For enabling a dissolved solution to flow and deter non-dissolved particles from escaping from the inner chamber 12, a filter 38 can be located at the opposite ends 12a and 12b of the inner chamber. The use of a filter will prohibit the non-dissolved elements from leaving the inner chamber. Thereby, providing for a more diluted solution to exit the apparatus of the present invention and to alleviate the possibility of harming or destroying plants, lawn or the like.
The fertilizer utilized in the inner chamber 12 can be any one of a number of water soluble fertilizer formulations available for specific treatment of lawns, flower gardens, vegetable gardens, or the like. For example, for fertilizing lawns, fertilizers having: 30%-40% nitrogen, 2%-5% phosphoric acid and 2% to 3% soluble potash may be employed. For fertilizing flower gardens, such as azalea, begonia, daffodil, gardenia, roses or the like, fertilizers having: 10%-15% nitrogen, 45%-55% phosphoric acid, and 5%-15% soluble potash may be utilized. For fertilizing vegetables, such as tomatoes, beans, carrots, corn, peppers or the like, fertilizers having: 20%-15% nitrogen, 20%-15%, Phosphoric acid, 20%-25% may be advantageously employed, a specific plant--lawns, flowers, vegetable. The above identified formulations are standard and conventional fertilizer formulations and are indicated by way of illustration only, since it is clear that a fertilizer having virtually any analysis desired may be utilized where desired. Additionally, the fertilizer can be in any desired formed, such as a solid, liquid, gel, pellets, or powder and is preferably dyed a color other than being clear or white.
To utilize the apparatus of the present invention, the user merely attaches the inlet 24 to a water source. Once secured, the water source is activated to enable water to flow freely into the apparatus 10. As seen in FIG. 2, water enters the inlet and flows into the inner chamber 12 via the aperture located in the first inner end cap 18a. This water will mix with the fertilizer 16 and cause the fertilizer to dissolve and form a solution.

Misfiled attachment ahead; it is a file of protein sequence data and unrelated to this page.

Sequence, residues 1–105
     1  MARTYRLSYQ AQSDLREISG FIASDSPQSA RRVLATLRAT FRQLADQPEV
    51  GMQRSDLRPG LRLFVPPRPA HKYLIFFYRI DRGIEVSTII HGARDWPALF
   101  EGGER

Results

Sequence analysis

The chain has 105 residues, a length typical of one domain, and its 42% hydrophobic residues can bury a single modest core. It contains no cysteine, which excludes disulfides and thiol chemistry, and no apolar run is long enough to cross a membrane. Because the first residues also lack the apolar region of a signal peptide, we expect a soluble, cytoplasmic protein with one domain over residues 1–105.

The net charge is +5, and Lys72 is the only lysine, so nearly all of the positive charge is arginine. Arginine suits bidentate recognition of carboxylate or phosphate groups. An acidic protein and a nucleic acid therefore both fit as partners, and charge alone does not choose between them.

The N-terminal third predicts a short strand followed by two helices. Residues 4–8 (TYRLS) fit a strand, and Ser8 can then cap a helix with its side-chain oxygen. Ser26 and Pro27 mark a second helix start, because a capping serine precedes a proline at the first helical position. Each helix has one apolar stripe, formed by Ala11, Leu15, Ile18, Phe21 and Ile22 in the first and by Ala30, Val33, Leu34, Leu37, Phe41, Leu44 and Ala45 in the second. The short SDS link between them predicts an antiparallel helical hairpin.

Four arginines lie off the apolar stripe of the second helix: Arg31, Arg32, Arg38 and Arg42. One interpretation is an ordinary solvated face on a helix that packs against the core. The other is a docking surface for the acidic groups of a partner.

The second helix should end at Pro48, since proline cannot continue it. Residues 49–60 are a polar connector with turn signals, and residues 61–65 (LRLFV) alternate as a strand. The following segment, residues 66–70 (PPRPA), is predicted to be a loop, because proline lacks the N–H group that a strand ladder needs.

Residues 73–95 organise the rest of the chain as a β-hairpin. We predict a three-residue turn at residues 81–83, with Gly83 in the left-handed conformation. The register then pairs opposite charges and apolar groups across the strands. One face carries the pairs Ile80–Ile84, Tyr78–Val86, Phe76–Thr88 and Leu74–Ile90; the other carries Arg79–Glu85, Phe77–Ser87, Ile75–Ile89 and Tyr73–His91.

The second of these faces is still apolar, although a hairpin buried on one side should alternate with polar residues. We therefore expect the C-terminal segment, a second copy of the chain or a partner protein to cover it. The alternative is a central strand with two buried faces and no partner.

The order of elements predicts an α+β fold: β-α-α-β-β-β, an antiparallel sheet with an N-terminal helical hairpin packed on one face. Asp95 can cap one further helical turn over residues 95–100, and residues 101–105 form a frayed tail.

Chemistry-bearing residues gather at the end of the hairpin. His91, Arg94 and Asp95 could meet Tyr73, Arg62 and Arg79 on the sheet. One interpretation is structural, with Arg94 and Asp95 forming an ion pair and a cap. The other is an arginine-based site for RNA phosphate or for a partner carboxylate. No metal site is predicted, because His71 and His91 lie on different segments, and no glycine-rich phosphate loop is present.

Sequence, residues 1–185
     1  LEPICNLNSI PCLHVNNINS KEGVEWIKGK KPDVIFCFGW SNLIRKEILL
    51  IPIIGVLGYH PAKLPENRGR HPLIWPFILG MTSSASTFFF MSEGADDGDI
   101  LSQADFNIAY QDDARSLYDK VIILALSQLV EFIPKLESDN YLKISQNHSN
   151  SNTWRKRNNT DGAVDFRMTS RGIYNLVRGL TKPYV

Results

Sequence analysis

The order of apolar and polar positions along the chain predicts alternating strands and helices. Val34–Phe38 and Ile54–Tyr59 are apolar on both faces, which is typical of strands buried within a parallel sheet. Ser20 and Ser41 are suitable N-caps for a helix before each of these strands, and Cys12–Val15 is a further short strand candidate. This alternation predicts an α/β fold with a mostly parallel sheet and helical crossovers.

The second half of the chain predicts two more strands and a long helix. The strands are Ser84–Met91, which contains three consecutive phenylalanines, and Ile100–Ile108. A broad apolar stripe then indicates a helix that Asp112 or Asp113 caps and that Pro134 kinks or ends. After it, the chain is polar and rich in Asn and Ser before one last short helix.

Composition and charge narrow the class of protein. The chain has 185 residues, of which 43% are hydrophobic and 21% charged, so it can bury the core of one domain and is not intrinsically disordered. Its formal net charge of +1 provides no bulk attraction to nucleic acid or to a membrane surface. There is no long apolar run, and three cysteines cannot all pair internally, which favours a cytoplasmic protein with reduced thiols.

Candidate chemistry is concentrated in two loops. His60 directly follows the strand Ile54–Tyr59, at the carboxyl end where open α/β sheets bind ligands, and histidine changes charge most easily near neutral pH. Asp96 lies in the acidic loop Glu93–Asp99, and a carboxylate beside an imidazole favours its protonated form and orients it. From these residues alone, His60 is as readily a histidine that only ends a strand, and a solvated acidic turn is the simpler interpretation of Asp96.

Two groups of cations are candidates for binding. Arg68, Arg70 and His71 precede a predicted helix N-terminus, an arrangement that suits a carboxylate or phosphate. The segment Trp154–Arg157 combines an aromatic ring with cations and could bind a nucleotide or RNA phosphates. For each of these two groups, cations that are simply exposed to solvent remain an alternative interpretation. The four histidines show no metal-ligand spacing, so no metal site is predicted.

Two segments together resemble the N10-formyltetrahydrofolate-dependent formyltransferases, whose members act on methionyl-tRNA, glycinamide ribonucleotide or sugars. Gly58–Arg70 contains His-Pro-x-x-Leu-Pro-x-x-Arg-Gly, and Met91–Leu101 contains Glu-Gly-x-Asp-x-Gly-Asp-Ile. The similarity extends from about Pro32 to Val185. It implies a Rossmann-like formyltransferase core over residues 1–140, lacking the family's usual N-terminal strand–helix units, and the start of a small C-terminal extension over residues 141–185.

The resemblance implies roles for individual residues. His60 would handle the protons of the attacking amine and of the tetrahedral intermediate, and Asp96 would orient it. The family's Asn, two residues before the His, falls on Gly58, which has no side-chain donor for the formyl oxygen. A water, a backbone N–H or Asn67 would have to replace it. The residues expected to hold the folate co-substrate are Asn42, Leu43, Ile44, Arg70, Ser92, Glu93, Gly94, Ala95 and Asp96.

Water is able to flow into the gap via channels 30 located in the first outer end cap 22a. The water in the gap or space 20 will continue to travel around the inner chamber and to the channels 30 located in the second outer end cap 22b. The solution (water and dissolved fertilizer) will exit the inner chamber 12 via the aperture located in the second inner end cap 18b and will mix with the water from the gap or space 20. The water mixing with the solution will dilute the mixture even more for enabling release in micro feeding amounts.
As water flows through the inner chamber 12 the loss of color, when viewed through the transparent inner chamber 12 and outer chamber 14, provides an indication that the nutrient concentration has fallen to a level at which replacement of the inner chamber 12 or apparatus 10 is indicated.
The inner container is designed to stored the fertilizer so that it will have a slow release rate resulting in an approximate one hour life during which time it releases nutriment in proper proportions to the stream of water flowing therethrough.
As water flows through the inner and outer chambers, the nutriment is released in micro feeding amounts. This rate may be varied by simply enlarging the openings in the inner end cap and/or optionally, enlarging the thickness of the filter, if used.
The apparatus of the present invention provides an apparatus which will slowly, but accurately release nutrients over an extended period of time. The relative release rate remains substantially constant throughout approximately seventy-five percent of the useful life of the fertilizer.
The apparatus is also designed to be utilized for short periods of time. After a particular amount of time, if the fertilizer located in the inner chamber is not dissolved, then the user merely deactivates the water source and is able to use it at a later time.